But, I am confused on a couple points. I can see offering a patient with severe fatigue (subjective) Provigil. I can see offering Neurontin or Lyrica for pain that appeared neuropathic, but only if that pain had been investigated with appropriate testing such as Nerve Conduction Studies or Evoked Potentials. Those are potent meds with significant possible side effects.
But, I do NOT understand the offering of Baclofen unless they observed spasticity. I can't believe they would just "take someone's word" that they have spasticity and offer to treat it. Now I do believe that if a doctor had already "pre-decided" that a patient only had Fibro, and they found spasticity on exam, that they would ignore this and still say the exam was unremarkable. My former "highly esteemed and very evil" neurologist documented spasticity in my exam, yet blithely ignored it as he implied over and over that I was faking my problems.
Poeple with Fibro do not have significant spasticity nor muscle spasms in my reading. And there should be no place for Baclofen in treating the pain of Fibro. Please tell us more about why they were so willing to treat spasms or spasticity.
Finally, in my opinion, the establishment of the Mayo Clinic, at least from my view here on the forum, is not infallible. They certainly are not medical gods. Did they advise you that an MRI in an open machine, not using MS Protocol and without contrast was not a good test for finding MS lesions - especially in the spine? Also, since they stand practically alone in advocating against the use of the Disease Modifying Drugs for early or mild MS, the Mayo would be one of the last places I would recommend someone go if they were truly concerned about MS. Personal opinion.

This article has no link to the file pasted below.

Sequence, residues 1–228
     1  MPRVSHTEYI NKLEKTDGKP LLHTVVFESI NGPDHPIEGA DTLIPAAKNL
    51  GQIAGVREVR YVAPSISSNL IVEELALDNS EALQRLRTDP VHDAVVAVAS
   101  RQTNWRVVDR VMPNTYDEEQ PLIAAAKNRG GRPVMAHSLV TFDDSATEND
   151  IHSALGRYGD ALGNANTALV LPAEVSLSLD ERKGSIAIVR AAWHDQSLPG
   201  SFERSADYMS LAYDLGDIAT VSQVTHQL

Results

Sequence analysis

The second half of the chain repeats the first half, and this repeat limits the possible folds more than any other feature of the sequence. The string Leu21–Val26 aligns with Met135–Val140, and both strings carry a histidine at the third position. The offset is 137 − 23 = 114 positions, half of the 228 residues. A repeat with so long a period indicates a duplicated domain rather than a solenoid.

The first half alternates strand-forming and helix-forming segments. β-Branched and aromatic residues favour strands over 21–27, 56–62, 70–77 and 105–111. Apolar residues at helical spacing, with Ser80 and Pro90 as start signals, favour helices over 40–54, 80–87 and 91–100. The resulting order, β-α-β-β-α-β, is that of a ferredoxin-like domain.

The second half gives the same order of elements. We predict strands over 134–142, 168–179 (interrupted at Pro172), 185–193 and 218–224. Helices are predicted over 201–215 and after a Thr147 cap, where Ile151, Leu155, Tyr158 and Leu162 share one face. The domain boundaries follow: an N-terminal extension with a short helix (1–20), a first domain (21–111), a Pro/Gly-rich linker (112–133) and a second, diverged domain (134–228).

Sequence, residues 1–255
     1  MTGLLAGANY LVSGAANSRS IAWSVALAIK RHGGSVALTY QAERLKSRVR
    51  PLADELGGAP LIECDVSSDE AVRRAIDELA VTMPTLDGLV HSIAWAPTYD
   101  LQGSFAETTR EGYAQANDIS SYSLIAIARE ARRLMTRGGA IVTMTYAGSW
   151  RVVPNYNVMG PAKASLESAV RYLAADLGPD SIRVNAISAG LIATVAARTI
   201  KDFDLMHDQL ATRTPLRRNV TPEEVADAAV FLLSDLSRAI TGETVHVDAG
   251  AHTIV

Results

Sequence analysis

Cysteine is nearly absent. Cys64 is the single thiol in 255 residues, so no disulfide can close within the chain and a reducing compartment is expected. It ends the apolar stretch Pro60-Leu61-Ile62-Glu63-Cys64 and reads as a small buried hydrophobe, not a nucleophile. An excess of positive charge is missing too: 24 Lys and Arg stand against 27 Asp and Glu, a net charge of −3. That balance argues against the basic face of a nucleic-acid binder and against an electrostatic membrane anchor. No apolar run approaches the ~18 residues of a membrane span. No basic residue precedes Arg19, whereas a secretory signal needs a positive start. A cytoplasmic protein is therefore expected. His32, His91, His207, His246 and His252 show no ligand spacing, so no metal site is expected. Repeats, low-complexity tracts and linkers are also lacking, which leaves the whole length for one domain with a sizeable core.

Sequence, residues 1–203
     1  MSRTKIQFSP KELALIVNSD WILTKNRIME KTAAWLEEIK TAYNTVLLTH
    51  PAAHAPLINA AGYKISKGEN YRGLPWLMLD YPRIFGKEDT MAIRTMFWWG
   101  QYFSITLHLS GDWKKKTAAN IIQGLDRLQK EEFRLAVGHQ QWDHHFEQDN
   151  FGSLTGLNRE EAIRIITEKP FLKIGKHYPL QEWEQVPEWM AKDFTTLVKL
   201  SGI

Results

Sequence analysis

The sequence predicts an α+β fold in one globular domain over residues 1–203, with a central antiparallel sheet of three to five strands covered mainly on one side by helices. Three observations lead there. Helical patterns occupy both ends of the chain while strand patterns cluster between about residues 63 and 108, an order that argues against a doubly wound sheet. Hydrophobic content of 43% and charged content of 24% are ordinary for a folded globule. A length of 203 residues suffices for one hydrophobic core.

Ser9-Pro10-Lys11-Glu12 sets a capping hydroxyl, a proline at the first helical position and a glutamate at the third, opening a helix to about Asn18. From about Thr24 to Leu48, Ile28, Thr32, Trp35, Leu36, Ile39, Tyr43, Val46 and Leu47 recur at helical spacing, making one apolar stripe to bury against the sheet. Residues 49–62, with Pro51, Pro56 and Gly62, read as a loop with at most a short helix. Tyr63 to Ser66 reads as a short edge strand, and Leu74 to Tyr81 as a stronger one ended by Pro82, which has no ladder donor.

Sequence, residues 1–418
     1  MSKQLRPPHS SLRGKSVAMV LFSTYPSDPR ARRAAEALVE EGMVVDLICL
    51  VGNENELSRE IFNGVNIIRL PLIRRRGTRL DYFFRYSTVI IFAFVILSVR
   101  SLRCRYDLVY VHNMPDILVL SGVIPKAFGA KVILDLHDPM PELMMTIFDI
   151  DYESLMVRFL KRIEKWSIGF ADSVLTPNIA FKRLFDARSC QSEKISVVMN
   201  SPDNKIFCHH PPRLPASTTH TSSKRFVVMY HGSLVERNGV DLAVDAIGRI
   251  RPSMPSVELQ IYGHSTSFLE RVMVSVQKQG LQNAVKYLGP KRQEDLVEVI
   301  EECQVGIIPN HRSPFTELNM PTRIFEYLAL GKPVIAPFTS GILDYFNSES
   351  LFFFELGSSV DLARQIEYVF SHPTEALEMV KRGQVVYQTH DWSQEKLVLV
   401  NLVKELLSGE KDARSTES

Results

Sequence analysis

At this point I just read your Timeline. I cannot imagine that a lot of what you have been through is consistent with "Severe Fibromyalgia!" That is, uless they are redefining Fibro to include evidence of Central Nervous System damage and lesions.
The face pain you had in 2006 I would like to hear about in more detail. It sounds like atypical Trigeminal neuralgia. TN in its atypical form presents more with a deep constant or almost constant ache. Sometimes it may also have the severe stabbing pains. People without the stabbing pains will usually be told they do not have TN, but the literature is now quite clear (to me) that the atypical form does exist and should be considered as indicating possible MS. TN is 300 times more common in MS than in the normal population. Here is a site that you can use to see if you made criteria for a diagnosis of TN:
Do you follow a gluten-free diet? Celiac disease can closely mimic MS and cause many of the same problems, including true neuropathy.
Well, these are my initial thoughts. Welcome to the forum. I'm glad you like hanging out here!
I'll await your answers and maybe other things will be clearer.
Welcome to the forum!! I went to the JAX Mayo in Nov / Dec of last year and had brain MRI - it is a 1.5 T MAchine!!! They do not have a stronger one. I saw the neuro muscular specialist a Dr. K - the lady because my neuro at the time said I had an abnormal EMG on my left foot . She was very nice but obviously NOT an MS specialist as she stated once again "with no brain lesions you cannot have MS". What really floors me now is that she ended up repeateing my EMG / NCV but just on my right side not the side that had the abnormality. It was like they were trying to prove there was nothing wrong not that there was something wrong.
Quix makes alot of sense and tells it like she sees it. I left Mayo with a 15K bill and no real answers except "maybe post viral syndrome" and "degenerative disc disease".
Anyways, welcome and we are glad you found us!!